Friday, 2 March 2018
Thursday, 1 March 2018
Having been tremendously fascinated by Jon Larsen’s continuous search for micrometeorites, I wanted to bring my first ever large print to a test by making my own version of one of his spectacular finds, number 280.
The test prints came out OK, but there’s more work to be done with the plate to print a final edition. However, I kept an edition of only two of the first prints that still look kind of beautiful, despite their lacking details.
Friday, 17 November 2017
Sketch for a series of cards with quotes. This one, a Radiohead-gem from 1997.
Thursday, 16 November 2017
I bought my first press! Have been on the lookout for a second hand one for a couple of years now. I am the third owner. Still very much in perfect condition. I can’t find any signs of a manufacturer, though it seems to resemble the Polymetaal HPV-60.
The first test print (contains a possible christmas-card spoiler) came out beautifully. Good tools produce better results. The mangle that led me to this has from today been demoted.
Sunday, 3 September 2017
Process notes for Experiment 1. The idea: A continuation of my initial project – to learn how the tools and materials (lino and different types of ink) behave. For my contribution to the Posted/Unposted exhibition.
One. An edition of 40 decent linoleum prints is hard to achieve. Especially when the DIY press applies uneven pressure to the block and when the printmaker is hardly a printmaker (yet).
Two. Remember the name of the paper you’re printing on.
Three. Always do a minimum of one test run.
Four. Umber ink, please dry! I hear extenders and retarders provide such qualities. How about just making ink capable of drying without additives?
Five. Pre-made coloured envelopes are really expensive. Custom made ones take time.
Six. Do envelopes need glue to be considered envelopes?
Seven. Damn proper linoleum with its canvas backing-lint sticking to my ink rollers.
Eight. Do not number and sign the edition until all parts of the project are completed.
Nine. A proper printmaker never cuts, only tears (paper).
Ten. Need paper-registration practice. Cheat-code: Carve crop marks directly into the block!
Eleven. Perfection was never the goal. Process rather. And seeing it through. Phew!
Wednesday, 30 August 2017
Tuesday, 22 August 2017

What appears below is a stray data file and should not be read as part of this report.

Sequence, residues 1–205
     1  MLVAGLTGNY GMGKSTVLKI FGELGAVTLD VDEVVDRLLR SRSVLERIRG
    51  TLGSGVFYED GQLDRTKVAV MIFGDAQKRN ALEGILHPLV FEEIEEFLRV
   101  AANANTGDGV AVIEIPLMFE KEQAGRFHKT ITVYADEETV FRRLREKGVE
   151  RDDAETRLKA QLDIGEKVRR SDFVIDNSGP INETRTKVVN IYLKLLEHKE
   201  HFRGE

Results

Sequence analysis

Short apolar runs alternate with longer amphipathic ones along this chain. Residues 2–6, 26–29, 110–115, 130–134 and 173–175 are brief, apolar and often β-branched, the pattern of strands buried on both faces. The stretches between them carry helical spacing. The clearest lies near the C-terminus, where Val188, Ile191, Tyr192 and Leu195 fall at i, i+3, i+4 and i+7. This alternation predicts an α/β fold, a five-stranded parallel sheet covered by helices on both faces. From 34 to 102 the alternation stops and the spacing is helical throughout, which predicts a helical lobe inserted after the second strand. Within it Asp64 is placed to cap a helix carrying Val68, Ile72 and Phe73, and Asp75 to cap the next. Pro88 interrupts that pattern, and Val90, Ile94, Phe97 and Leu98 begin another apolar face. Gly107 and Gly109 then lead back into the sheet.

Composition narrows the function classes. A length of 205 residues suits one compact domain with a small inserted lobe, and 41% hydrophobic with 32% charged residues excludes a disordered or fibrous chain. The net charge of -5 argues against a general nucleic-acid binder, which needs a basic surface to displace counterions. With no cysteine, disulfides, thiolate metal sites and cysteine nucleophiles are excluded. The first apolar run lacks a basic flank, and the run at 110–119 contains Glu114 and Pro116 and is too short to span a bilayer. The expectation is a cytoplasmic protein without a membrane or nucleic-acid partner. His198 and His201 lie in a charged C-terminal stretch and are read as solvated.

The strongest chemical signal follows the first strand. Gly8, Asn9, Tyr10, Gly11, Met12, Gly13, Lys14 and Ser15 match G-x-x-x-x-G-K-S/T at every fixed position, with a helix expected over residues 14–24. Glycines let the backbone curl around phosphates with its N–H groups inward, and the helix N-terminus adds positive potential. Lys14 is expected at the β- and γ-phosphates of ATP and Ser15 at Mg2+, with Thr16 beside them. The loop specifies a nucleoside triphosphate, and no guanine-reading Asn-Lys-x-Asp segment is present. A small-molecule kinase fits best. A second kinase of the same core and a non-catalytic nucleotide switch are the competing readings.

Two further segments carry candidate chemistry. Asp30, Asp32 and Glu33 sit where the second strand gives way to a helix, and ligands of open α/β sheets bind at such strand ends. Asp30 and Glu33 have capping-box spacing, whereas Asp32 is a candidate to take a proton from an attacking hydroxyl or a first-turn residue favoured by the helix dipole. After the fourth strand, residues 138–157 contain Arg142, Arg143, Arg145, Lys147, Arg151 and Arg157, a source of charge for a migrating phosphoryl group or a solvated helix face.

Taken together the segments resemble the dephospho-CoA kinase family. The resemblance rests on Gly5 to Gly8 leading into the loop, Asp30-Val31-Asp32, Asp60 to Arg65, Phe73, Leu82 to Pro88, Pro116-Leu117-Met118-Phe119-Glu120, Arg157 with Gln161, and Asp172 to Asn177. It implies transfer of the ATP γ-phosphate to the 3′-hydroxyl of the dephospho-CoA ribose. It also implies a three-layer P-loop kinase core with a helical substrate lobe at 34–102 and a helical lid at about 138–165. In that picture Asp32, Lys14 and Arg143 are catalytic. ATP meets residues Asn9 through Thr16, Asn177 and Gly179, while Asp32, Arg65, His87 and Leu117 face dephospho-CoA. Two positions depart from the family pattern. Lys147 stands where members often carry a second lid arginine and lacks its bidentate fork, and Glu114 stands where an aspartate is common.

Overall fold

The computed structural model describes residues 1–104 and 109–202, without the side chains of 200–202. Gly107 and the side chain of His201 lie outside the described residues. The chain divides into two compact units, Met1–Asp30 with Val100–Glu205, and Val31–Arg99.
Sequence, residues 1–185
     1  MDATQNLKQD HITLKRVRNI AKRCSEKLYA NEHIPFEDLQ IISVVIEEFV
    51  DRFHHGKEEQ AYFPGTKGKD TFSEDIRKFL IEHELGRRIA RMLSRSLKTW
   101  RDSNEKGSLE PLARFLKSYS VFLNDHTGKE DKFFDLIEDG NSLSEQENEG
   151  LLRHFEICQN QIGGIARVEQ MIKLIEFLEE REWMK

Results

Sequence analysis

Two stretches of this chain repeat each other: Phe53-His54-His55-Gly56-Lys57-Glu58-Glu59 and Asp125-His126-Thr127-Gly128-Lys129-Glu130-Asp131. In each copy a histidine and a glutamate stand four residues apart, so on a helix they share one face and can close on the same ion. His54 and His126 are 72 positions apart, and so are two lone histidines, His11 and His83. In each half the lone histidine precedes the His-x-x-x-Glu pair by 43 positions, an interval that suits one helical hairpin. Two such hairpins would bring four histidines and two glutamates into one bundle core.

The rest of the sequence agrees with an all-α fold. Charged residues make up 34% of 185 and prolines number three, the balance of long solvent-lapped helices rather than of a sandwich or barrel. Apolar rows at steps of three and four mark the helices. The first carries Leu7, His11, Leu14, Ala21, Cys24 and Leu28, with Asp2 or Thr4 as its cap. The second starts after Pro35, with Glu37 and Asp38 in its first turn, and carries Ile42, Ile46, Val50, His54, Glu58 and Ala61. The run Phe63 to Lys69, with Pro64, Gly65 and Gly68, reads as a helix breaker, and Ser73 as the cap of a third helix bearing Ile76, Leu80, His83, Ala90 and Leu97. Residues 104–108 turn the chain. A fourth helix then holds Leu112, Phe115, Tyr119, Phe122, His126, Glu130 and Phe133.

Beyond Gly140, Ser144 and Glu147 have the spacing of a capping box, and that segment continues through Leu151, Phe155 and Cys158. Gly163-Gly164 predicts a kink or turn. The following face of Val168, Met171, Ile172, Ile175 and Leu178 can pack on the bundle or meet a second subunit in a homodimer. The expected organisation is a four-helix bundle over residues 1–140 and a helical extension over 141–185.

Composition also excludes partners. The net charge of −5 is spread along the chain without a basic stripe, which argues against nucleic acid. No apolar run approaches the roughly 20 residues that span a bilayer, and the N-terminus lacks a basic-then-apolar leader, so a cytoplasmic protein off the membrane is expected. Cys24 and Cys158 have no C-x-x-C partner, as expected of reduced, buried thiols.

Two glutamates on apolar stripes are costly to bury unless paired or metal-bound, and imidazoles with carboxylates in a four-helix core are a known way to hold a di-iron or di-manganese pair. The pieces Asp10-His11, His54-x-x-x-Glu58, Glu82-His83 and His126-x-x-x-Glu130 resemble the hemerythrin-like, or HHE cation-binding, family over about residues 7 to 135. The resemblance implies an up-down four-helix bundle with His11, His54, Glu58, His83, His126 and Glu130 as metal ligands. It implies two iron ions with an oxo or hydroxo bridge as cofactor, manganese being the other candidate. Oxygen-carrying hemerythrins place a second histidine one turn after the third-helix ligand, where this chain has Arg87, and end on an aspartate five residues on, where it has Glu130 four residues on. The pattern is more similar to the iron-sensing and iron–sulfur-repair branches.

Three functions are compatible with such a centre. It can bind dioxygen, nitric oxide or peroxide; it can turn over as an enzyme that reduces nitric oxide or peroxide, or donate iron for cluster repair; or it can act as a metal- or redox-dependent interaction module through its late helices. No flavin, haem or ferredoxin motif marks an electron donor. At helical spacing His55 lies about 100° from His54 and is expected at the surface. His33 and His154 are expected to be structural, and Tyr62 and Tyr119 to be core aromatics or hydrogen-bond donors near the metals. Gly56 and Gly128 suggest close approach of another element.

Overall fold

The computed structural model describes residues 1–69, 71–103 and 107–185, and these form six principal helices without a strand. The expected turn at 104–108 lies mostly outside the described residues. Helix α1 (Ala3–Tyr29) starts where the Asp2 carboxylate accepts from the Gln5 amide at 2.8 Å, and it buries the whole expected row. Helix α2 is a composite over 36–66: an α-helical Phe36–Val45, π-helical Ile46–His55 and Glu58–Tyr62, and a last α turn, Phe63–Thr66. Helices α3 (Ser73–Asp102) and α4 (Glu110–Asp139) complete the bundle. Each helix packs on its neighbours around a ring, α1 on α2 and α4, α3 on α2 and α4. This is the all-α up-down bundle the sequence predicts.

Work in progress. Showing first at the Bergen Art Book Fair in October along with many other artists and designers through the Nordic Letterpress collaboration. The exhibition is titled Posted/Unposted.
Mette Ambeck / Jim Berggren / Nina Bondeson / Birna Einarsdóttir / Leifur Ýmir Eyjólfsson (Reykjavik Letterpress) / Tova Fransson / Edward Johansson (Ahvaland) / Ane Thon Knutsen / Bent Kvisgaard / Imi Maufe / Sakari Männistö / Lina Nordenström / Ottar Ormstad / Tina Jonsbu / Viba Bredahl, Hjördis Haack, Nina Kleivan, Jesper Palm, Anna Marie Ploug, Carina Zunino (Svends Bibliotek) / Barbro Ravander / Johan Solberg / Göta Svensson (Tryckkammaren) / Richard Årlin
Saturday, 10 June 2017
Wednesday, 1 March 2017
Tuesday, 28 February 2017
Monday, 27 February 2017
Sunday, 26 February 2017
Thursday, 30 June 2016
Wednesday, 22 June 2016
Sunday, 19 June 2016
I have created a series of patterns for Edward’s exhibition Crossings. A collaborative effort – printed by Ahvaland. If you find yourself on the Åland-islands this summer, the work is on display along with plenty of other artists’ contributions.
Wednesday, 30 September 2015
Saturday, 30 May 2015
Wednesday, 27 May 2015
Monday, 25 May 2015
I had been reading online about converting old mangles (clothing-presses) into etching/relief presses. In principle, their function is identical. Spare mangles are abundant, whereas etching presses are scarce, both used and new.
Buying a new press would be an exaggeration, as they are both expensive and difficult to transport. I had no luck asking people where I could find one in desperate need of a new home, nor did I get any results from ads. Since I already was in possession of two mangles, the choice was simple.
I compiled a list of items to to make the conversion complete:
- a bed plate made from a thin, strong material to fit between the two rollers
- wool printmaking blankets (at least two)
- a table/workbench to mount the mangle onto